EPA on Fuel Economy – Chevy Volt to Face Glitch

  • Date: November 29, 2010
  • Source: Admin
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Commercial production of Chevrolet Volt has commenced at the Detroit plant of General Motors. These cars are intended for sale or lease to consumers. But the actual sale has to wait – until the issue concerning the EPA fuel economy label is resolved, that is.
In the US, it is illegal to launch a new car without the EPA fuel economy label. In the case of Volt, the government is unable to gauge the fuel economy, making it impossible for GM dealers to sell the car. According to a GM spokesman, the company is working with the EPA on the issue and discussions have been fruitful so far. He is confident that the problem will be resolved by mid-December and GM can commence sale of the vehicle by the year-end. But this is easier said than done.
In August 2009, GM held a press conference at its Detroit headquarters announcing that the Volt was expected to get an EPA-estimated 230 miles per gallon. However this estimate cannot hold true all the time. The Volt's fuel economy varies enormously depending on how far it is driven between charges. For instance, a recent test drive of about 230 miles from Washington D.C. to New York City showed the Volt getting about 37 miles per gallon. However, if the trip had been a typical round trip commute of less than 40 miles the car would have consumed no gasoline at all. This means the car will have given infinite miles per gallon. For trips ranging from 50, 60 to 150 miles, the car's actual fuel economy could be anywhere from thousands of miles per gallon to 35 or 40 mpg it seems to get, if its battery is not charged at all.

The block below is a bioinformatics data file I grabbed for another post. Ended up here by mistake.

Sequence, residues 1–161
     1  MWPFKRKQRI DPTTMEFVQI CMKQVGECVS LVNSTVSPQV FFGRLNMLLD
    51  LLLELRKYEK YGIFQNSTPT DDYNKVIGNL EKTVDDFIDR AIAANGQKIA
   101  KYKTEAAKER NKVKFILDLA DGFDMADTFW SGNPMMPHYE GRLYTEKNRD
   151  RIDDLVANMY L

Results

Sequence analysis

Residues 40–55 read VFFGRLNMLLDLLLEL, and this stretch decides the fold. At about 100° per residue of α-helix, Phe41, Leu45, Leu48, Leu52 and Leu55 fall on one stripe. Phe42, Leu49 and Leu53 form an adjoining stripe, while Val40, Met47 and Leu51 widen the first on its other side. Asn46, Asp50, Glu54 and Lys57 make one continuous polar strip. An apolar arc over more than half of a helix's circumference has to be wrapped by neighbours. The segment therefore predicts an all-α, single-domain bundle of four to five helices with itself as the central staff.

An EPA spokesperson refused to comment on the matter beyond confirming that GM cannot begin selling the Volt until this issue is resolved. 
Environmental law
The Nissan LEAF, another hybrid car that faced similar problems with the EPA was recently granted a final fuel economy window sticker by the U.S. Environmental Protection Agency. The label, based on the EPA 5-cycle testing procedures that all vehicles are subjected to, will tell consumers that the LEAF gets 99 miles per gallon-equivalent (MPGe), can go 73 miles on one charge, takes 7 hours to fully charge and releases zero grams of carbon dioxide per mile. The 99 MPGe rating projects the LEAF as the best-in-class for midsize vehicles. As readers may be aware, an electric car's range will vary greatly depending on driving style. Hence indicating a figure as an average does not really capture the reality. All along Nissan has said that the LEAF will average 100 miles per charge but that range can vary from 40 to 140 miles depending on conditions. However, the EPA label will state that the LEAF only goes 73 miles per charge. The final label took a long time to arrive, but Nissan is just relieved to have it all the same.


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